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Andy Stanley’s Controversial Decision
I’m a big fan of Andy Stanley. I listen to his podcast weekly, read his books and often view sermons on his church’s website. He is an excellent communicator and has an amazing ability of considering the people Jesus specifically spoke to while focusing in on the context of the situation, which leads to getting the most out Jesus’s words. I admire that skill greatly. Recently however, one of Andy’s illustrations has caused quite the stir in churches and fired off (what Albert Mohler calls) a “shot heard round the world”.
While teaching a lesson called When Gracie Met Truthie, Andy speaks about the tension between truth and grace. As Christians we need to be able to fully accept, call and label sin for what it is (truth), but at the same time embrace the saving nature of Jesus Christ (grace). We are to completely accept both sides of that tension and we cannot forget either side of it. It’s an awesome message actually; check it out when you get a chance.
The main point behind the message isn’t the root of the controversy, it’s an illustration Andy used which lead many Christians (myself included) to whisper out loud or in their head a collective “huh?” Through a short anecdote, Andy revealed how he dealt with an openly gay couple serving at one of his churches (this situation was not the main point of the story, just a small detail in it). Andy informed the couple that they cannot serve as a “host team” because a man in the couple was still married, therefore committing what Andy called “good old fashioned adultery”. I’m sure most church-goers would agree with that decision. Here’s where a lot of people get confused/offended however, from the way Andy tells the story, he seemingly had no problem with the couple engaging within a homosexual relationship and doesn’t cite that as his reason for telling them they can’t serve; his problem is with the adultery taking place. He never takes the time to label homosexuality as a sin.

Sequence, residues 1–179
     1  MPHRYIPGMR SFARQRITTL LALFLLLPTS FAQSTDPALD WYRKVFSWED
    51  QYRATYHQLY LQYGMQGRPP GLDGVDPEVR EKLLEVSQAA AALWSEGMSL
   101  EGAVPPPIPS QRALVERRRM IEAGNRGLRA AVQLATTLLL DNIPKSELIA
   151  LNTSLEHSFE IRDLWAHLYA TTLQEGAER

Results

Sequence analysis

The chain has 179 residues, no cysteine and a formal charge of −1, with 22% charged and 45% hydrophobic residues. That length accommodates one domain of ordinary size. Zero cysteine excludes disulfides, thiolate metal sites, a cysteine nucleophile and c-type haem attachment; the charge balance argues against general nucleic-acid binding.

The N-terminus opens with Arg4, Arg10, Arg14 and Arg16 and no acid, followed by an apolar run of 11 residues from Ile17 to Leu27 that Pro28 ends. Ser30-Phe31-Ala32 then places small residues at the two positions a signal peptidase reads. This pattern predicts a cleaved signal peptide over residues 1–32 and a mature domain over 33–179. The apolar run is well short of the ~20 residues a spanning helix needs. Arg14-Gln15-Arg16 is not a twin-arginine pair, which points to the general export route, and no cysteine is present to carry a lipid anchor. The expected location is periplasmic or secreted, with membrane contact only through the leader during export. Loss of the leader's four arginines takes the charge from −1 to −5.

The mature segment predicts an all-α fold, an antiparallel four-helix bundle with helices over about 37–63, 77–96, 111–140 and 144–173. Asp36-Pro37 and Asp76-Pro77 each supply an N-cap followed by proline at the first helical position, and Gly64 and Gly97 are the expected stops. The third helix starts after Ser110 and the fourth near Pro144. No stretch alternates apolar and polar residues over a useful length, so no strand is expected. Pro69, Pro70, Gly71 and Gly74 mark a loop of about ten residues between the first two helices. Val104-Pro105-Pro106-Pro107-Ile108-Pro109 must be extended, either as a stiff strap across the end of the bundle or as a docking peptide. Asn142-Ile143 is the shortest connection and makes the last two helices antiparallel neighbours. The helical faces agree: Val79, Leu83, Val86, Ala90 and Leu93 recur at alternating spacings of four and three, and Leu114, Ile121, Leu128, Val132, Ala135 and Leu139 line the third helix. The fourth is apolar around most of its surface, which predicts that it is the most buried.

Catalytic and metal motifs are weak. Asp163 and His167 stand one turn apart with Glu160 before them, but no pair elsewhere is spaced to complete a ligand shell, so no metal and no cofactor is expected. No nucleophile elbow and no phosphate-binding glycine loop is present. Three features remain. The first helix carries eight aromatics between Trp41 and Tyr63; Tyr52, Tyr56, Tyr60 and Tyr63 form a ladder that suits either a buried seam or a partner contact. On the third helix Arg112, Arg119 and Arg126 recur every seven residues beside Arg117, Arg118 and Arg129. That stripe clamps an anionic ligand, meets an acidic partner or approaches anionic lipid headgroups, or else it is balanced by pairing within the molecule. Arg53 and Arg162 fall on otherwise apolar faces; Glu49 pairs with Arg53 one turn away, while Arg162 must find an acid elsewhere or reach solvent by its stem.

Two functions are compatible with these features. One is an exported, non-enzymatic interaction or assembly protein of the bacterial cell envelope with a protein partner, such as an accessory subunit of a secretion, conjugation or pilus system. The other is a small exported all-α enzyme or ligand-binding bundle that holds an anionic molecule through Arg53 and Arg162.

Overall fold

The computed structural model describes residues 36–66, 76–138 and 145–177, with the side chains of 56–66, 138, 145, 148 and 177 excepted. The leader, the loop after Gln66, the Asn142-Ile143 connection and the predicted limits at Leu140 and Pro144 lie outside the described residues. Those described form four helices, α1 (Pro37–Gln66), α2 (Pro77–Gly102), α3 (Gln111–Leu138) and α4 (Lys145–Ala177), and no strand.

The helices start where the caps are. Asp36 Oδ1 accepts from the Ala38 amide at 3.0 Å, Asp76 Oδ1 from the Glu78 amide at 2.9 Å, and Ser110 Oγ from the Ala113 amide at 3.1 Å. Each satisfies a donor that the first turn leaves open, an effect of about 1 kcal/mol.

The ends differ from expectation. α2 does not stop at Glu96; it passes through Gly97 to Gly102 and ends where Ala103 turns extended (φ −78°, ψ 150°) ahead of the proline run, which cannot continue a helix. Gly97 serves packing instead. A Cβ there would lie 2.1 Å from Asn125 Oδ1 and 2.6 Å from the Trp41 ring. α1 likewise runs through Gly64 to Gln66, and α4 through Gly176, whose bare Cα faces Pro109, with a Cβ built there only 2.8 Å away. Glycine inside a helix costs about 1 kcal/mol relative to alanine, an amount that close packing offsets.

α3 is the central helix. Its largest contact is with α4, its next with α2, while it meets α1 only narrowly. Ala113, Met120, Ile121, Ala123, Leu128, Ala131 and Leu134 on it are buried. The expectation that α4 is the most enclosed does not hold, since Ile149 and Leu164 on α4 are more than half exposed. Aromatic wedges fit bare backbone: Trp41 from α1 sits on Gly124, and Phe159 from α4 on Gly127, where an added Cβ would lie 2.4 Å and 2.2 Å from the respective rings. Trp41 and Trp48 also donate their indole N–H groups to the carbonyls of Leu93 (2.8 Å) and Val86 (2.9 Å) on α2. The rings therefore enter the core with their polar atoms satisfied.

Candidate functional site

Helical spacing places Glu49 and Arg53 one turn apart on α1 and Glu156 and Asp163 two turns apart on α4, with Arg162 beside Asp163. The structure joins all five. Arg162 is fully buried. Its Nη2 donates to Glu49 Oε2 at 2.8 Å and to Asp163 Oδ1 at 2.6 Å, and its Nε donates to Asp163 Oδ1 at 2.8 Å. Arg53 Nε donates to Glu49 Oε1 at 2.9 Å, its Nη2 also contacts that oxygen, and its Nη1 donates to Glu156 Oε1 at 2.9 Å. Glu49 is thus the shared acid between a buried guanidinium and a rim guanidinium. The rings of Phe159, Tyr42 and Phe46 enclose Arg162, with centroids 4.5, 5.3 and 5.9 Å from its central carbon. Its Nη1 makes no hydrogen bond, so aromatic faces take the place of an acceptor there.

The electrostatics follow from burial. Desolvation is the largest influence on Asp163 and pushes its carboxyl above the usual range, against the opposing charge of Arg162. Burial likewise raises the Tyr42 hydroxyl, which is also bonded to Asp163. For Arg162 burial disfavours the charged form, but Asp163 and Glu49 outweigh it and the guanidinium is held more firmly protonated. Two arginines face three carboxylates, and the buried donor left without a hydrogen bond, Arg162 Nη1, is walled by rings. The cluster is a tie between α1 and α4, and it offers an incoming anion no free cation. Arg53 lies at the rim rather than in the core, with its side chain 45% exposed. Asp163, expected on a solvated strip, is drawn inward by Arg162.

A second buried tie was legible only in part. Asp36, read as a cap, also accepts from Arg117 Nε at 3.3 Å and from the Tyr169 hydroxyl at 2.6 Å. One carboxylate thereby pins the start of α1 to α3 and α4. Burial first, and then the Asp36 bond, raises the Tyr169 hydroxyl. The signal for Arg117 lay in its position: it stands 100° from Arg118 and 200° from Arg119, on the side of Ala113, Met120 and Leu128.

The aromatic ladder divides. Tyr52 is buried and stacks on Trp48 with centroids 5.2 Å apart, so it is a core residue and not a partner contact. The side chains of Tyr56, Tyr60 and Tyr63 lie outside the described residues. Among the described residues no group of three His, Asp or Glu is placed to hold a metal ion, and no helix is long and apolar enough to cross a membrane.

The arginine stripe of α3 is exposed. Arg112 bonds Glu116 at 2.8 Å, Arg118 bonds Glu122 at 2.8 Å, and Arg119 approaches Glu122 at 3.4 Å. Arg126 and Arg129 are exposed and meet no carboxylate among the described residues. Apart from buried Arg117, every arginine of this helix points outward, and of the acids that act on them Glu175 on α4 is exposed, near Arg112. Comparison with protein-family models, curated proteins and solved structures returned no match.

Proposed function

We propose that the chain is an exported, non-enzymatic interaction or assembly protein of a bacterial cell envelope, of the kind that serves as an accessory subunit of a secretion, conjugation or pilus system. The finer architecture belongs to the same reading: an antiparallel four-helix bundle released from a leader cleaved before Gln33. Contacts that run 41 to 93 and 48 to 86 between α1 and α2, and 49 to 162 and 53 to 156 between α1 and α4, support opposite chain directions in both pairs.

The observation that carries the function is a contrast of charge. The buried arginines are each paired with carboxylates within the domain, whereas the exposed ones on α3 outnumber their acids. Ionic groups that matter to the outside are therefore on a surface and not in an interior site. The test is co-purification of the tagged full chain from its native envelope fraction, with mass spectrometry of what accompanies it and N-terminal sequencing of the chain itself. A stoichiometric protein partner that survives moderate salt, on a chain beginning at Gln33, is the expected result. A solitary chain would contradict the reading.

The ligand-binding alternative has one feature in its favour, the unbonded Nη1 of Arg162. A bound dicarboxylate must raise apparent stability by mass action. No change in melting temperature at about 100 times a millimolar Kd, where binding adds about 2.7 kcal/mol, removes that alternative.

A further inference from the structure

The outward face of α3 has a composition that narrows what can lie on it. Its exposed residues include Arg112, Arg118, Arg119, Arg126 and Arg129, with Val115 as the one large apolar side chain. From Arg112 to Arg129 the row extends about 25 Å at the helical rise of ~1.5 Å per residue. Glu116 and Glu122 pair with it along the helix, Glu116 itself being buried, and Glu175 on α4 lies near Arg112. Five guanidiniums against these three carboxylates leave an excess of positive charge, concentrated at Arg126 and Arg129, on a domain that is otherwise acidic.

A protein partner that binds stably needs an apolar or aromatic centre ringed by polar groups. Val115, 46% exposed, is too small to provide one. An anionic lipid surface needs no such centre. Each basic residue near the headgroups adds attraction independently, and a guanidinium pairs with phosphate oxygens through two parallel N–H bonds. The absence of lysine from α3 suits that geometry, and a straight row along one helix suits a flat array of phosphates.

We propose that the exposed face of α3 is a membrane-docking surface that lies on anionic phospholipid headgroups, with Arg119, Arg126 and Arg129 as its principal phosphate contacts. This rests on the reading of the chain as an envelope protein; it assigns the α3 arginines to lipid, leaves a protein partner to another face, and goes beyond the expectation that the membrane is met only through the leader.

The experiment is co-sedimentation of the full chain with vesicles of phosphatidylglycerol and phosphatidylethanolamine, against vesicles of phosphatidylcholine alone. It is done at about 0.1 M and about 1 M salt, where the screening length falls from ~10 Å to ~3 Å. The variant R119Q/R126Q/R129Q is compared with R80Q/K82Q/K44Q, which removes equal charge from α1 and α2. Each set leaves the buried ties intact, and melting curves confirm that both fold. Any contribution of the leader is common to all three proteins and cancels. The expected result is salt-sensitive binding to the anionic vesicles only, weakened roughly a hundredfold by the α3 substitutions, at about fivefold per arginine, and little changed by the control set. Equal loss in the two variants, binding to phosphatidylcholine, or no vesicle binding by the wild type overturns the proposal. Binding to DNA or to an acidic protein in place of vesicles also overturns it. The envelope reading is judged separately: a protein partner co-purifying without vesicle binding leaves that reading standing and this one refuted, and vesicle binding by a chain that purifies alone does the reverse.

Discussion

I’m not here to bash Andy Stanley. I’ve read quite a few reactions to his sermon, and can see this issue from both sides. It would be unfair to make assumptions about Stanley’s stance on homosexuality based off of the story. The debate and controversy this story has created clearly highlights a greater issue within the body of Christ in 2012.
The church has yet to find an effective way to minister to the gay community.
There are many situations in which the church has done a great job of meeting many people in the midst of struggles the same way Jesus did. When an alcoholic or drug addict walks in, we find a recovery bible study for them. Many college ministries do a great job of welcoming young twenty somethings who are in the midst of enjoying everything the world has to offer, and getting them plugged into a small group. When a openly gay man or woman has an honest heart that desires to know more about God, and wants to become part of the church, how should the church respond? Is the church really creating a place for them? Can they become members? Can they serve on leadership teams? Where do we draw the line? Do we have the right to draw a line? It’s a tough situation. Ironically, this tension all comes back to Andy Stanley’s sermon; it’s a struggle between truth and grace.
I’m not saying I know the right answer, but I can be sure of the first step, and that’s to simply love them. Most of the gay community is completely aware of what the bible teaches about their lifestyle, but remain unaware of what it says about love, and a lot of that has to do with the way they have been treated by people who call themselves Christians. Imagine how a gay couple would feel if they walked into a church and were greeted with love? How a lesbian at her job would feel about Christianity if a straight, bible believing Christian woman took the time to be her friend and listen to her? The first step is to open their mind to Christianity, and that can be accomplished through love. Then the gospel can be shared. Then maybe they pick up the bible and read the good news. Who knows what God can do from there? When we love people we move them closer to the heart of Jesus then when we condemn them.
Did Andy Stanley take grace too far by allowing a gay couple to serve at his church? Have you ever had an experience ministering to a gay person? Positive or negative, share your experience in the comments section.
About Jonathan RamoutarJonathan Ramoutar is a follower of Christ who is passionate about the church’s role in culture and male leadership. He is also an avid fan of the NFL (Tampa Bay Bucs) and NBA (Miami Heat).
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Verse of the Week
––1 Thessalonians 5:21 (ESV)